encouraged
not just to inform but also to maintain the same friendly and informal
spirit of the branches. “We try to create as much buzz as we can in
our
call center,” Mr. DiFlorio said, “so we can create smiles on the
customers
who call.”

To be sure, few companies can summon the everyday exuberance of
Commerce
Bank. But there is another cost-effective strategy for enhancing the
human
element: make the company so easy to do business with that fewer
customers
call with problems, which frees resources to meet the needs of those
who do
call.

“The reason people are dialing the 1-800 number is that they’re having
a
bad experience in some other channel,” said Mark Hurst, founder and
president of Creative Good, a consulting firm that advises companies
on how
to improve the customer experience. He is amazed, he said, at how
difficult
it remains on most Web sites for customers to do little things like
revise
an order or track a shipment. “If e-commerce were much, much simpler,”
he
said, “a huge percentage of these calls would never be made.”

JIM KELLY, chief customer service officer at ING Direct, the online
bank
with 3.5 million customers and deposits of nearly $40 billion, takes
the
case for simplicity a step further. ING Direct keeps its entire
product
line simple. It offers a small number of easy-to-understand products
such
as savings accounts, certificates of deposit and no-frills mortgages.
The
savings programs entail no annual fees or account minimums.

As a result, the average ING Direct customer calls the bank only 1.6
times
a year. The calls that do come in are answered by full-time employees
who
don’t rely on scripted answers and don’t work under strict time
limits.

“The key word for us is simplicity,” Mr. Kelly said. “If you eliminate
service charges and hidden fees, you eliminate most of the problems
and
complaints. Then the only reason for people to call is to do business.
And
those are calls you’re eager to take.”

That sort of thinking is music to Paul English’s ears – although most
days,
his ears are ringing with outrage from aspiring consumer activists
eager to
join Get Human. “There’s a little ‘rage against the machine’ to this,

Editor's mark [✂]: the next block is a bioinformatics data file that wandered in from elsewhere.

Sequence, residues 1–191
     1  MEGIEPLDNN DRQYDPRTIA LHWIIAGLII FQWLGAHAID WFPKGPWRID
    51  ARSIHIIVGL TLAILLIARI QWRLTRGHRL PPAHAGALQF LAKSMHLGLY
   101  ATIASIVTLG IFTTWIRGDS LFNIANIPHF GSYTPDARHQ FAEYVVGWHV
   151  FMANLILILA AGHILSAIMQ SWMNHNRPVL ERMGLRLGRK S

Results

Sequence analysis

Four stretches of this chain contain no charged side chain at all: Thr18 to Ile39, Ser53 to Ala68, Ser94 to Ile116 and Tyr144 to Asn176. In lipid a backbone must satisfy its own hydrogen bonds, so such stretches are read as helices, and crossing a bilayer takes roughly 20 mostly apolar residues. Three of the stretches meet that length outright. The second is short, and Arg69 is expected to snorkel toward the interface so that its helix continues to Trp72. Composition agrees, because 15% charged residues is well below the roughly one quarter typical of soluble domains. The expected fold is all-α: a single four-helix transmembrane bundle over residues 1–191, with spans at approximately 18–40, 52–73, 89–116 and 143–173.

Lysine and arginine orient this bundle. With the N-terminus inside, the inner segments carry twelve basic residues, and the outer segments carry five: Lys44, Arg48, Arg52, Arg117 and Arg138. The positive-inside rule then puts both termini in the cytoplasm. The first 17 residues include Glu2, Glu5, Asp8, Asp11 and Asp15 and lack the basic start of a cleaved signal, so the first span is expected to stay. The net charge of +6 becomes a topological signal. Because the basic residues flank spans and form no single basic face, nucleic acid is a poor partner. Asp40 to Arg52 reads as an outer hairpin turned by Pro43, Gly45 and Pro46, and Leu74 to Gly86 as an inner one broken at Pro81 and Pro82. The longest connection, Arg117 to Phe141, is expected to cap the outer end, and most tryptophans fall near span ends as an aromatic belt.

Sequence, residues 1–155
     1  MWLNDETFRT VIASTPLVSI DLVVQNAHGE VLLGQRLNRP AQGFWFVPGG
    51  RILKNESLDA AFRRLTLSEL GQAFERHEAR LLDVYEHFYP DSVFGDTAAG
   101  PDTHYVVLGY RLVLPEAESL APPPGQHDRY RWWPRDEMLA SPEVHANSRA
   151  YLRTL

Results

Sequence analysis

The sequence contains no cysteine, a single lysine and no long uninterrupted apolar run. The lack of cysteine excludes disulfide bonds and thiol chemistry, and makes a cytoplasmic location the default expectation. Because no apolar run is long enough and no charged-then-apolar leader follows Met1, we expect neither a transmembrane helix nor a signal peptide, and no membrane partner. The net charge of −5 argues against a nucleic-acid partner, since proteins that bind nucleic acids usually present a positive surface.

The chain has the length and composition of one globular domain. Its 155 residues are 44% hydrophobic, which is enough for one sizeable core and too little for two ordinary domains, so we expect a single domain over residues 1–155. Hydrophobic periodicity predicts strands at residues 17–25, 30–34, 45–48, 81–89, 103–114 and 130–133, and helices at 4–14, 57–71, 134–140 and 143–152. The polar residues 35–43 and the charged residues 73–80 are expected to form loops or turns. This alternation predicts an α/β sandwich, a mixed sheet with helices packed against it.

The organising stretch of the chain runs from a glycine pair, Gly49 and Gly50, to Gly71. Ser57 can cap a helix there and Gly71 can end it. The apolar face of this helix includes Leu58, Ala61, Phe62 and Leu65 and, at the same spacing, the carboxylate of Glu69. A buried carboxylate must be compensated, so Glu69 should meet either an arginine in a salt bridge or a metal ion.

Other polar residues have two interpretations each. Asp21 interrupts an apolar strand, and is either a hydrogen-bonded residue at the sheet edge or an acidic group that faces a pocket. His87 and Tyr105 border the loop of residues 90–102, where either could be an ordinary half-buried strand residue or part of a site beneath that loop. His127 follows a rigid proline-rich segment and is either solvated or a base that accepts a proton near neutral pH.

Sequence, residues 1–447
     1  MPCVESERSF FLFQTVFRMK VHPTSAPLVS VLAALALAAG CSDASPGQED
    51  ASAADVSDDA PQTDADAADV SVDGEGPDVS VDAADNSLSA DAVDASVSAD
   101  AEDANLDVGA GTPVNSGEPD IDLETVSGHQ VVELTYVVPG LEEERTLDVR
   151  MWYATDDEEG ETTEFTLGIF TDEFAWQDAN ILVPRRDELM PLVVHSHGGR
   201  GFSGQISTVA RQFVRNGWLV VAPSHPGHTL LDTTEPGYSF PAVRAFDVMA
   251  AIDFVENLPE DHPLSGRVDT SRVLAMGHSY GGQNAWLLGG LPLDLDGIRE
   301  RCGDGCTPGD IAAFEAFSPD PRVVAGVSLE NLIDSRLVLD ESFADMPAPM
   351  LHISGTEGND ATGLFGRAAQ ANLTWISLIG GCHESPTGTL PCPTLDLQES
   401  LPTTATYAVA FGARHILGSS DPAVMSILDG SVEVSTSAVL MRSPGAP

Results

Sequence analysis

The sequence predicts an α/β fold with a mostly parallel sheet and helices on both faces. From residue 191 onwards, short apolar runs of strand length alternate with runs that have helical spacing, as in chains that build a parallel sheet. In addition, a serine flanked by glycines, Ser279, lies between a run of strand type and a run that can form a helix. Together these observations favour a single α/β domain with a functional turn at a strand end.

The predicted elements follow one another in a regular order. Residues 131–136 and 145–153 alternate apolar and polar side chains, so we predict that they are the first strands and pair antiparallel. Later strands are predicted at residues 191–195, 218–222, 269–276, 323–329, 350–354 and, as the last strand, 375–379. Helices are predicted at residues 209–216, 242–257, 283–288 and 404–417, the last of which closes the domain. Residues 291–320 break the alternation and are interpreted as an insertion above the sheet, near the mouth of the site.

but
there’s a business message as well,” Mr. English said. “I want
companies to
wake up and ask themselves, ‘How did we ever let it get this bad?’ ”

Originally published at customerservant.com. You can comment here or there.

We just got userids and pwds for the apps, and the first impression isn’t favorable.
There’s a combo box or something you’re supposed to use to select options in the main ap that does literally nothing.
Jaws is completely silent.
There’s another app that seems to be some sort of alert page, but since none of the tables are labeled, you have to arrow down the entire page.
The combo boxes on that page are hovertext boxes, that take you automatically to a selection when you arrow to it, and the links are moseover as well.
Using the mouseover command doesn’t allow them to click.
Not good for accessibility purposes.
John says he has some more work for me to do, more entering of information in to the scheduling client.
I’m glad for that.
It makes me feel like I’m coming into work and making some sort of an impact, however small.

Originally published at customerservant.com. You can comment here or there.

This morning, when I got into work, I turned the system on, only to find that the master boot record had been corrupted.
One of the technoshepherds got it back up and running, and I played around with the new apps for the new project that’s supposed to start Monday.
I don’t have any log-in information, so I couldn’t go very far with it.
Everything seemed to be accessible though, at least as far as the log-in screens were concerned.
Work? Maybe?
I’d much rather the permanent positon be off the phones, but at this point, if the new project seems to be accessible, I’ll take that too.
It’ll increase the writing done for this site, and should make the days a little less dull.
I’m not fooling myself though.
Customers will be just as rude on the new project as they have been on the last two, and they’ll piss me off just as much.
But, at least then I’ll be able to say I’m earning my keep.
I think I’m going to walk down to HR to see about exempt status concerning the taxes that get taken out of my paycheck, what needs to be in place for me to qualify, ETC.